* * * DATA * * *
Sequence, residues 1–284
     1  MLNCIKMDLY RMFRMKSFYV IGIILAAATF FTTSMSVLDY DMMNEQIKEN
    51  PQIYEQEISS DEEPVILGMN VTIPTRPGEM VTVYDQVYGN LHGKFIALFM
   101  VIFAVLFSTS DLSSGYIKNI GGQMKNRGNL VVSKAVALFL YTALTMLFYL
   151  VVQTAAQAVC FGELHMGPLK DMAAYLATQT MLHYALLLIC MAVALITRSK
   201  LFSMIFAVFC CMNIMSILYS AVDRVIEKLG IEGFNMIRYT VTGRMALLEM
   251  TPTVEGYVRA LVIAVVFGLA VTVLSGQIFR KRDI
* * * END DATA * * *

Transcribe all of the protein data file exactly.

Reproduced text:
Sequence, residues 1–284
     1  MLNCIKMDLY RMFRMKSFYV IGIILAAATF FTTSMSVLDY DMMNEQIKEN
    51  PQIYEQEISS DEEPVILGMN VTIPTRPGEM VTVYDQVYGN LHGKFIALFM
   101  VIFAVLFSTS DLSSGYIKNI GGQMKNRGNL VVSKAVALFL YTALTMLFYL
   151  VVQTAAQAVC FGELHMGPLK DMAAYLATQT MLHYALLLIC MAVALITRSK
   201  LFSMIFAVFC CMNIMSILYS AVDRVIEKLG IEGFNMIRYT VTGRMALLEM
   251  TPTVEGYVRA LVIAVVFGLA VTVLSGQIFR KRDI